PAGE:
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I'm not completely satisfied with the answers so far, so more answers please! There's a nice bounty to be had!

These two titanic concertos are two of the most difficult often played concertos in piano literature, so they are talked about a lot. In most discussions, forums, or interviews with pianists I've seen, many pianists really love both.

In Alexis Weissenberg's commentary on the Rach 3, he writes "the Rachmaninoff Third has kept, and will keep forever and without the slightest doubt, a place apart in my heart. I still think it is the most gloriously written concerto for the piano." Most everybody calls it the hardest concerto that is performed often (perhaps due to the movie Shine), and a ton of people love, admire and respect (and fear) it.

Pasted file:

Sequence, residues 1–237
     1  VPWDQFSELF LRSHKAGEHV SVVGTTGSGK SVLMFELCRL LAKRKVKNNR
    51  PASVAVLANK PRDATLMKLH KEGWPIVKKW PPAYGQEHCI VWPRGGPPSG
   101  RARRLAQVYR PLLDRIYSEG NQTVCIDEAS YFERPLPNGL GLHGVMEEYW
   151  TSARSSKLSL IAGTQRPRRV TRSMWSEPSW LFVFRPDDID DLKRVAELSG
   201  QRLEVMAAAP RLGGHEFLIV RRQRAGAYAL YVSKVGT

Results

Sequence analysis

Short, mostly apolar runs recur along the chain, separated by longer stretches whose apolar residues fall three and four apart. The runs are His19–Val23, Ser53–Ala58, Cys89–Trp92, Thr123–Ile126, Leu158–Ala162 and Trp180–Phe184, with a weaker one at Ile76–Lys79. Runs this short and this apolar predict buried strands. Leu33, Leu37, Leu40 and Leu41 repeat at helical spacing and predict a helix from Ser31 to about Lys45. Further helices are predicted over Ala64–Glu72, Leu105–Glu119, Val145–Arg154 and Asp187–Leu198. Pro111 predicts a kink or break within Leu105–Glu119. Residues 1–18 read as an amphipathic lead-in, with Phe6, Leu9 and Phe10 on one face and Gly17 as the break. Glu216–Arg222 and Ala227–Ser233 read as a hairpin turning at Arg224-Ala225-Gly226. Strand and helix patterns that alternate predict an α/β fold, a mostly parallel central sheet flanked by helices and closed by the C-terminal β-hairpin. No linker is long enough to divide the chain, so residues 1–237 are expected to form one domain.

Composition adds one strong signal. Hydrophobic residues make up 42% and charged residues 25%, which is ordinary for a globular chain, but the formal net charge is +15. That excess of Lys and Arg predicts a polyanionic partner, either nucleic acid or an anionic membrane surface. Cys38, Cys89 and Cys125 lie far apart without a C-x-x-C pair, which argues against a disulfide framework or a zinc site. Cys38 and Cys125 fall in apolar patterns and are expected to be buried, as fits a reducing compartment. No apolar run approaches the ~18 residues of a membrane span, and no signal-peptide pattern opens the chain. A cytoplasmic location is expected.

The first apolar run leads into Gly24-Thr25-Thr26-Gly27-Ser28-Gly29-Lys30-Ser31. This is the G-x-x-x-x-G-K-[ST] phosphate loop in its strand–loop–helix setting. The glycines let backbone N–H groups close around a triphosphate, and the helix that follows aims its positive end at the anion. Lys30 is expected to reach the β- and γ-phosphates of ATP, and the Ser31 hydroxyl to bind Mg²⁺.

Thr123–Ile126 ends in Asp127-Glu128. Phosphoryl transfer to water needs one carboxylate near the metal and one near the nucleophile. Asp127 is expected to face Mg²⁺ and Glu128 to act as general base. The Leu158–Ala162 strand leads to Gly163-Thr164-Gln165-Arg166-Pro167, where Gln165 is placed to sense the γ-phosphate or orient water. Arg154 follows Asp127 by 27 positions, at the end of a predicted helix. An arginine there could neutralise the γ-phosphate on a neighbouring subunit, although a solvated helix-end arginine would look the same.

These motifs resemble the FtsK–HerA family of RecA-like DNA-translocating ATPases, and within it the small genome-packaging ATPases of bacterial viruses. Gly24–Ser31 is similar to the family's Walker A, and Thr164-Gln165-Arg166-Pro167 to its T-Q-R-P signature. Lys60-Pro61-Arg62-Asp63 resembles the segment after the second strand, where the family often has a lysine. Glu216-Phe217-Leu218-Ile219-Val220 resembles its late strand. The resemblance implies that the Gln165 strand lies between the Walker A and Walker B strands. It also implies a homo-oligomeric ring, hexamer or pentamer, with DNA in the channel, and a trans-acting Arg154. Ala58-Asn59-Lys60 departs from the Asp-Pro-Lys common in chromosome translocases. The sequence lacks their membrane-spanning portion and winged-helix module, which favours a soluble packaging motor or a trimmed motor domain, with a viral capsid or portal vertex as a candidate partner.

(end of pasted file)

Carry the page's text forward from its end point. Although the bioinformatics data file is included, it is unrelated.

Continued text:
Almost everything I've read about the Brahms 2 describes it as a very mature and grand work, requiring only the best and most mature musical interpretations. On the other hand, I've never seen the Rach 3 described as mature; glorious, saccharine, passionate, beautiful yes, but never mature. A lot of pianists seem to enjoy performing Rach's works, but they too will say that it's just "excessive climaxes" or “sugary drivel” or something like that. Furthermore, people will never attribute “musical depth” to Rachmaninoff, but I’ve seen it a couple times in reviews of composers ranging from Brahms to Scriabin.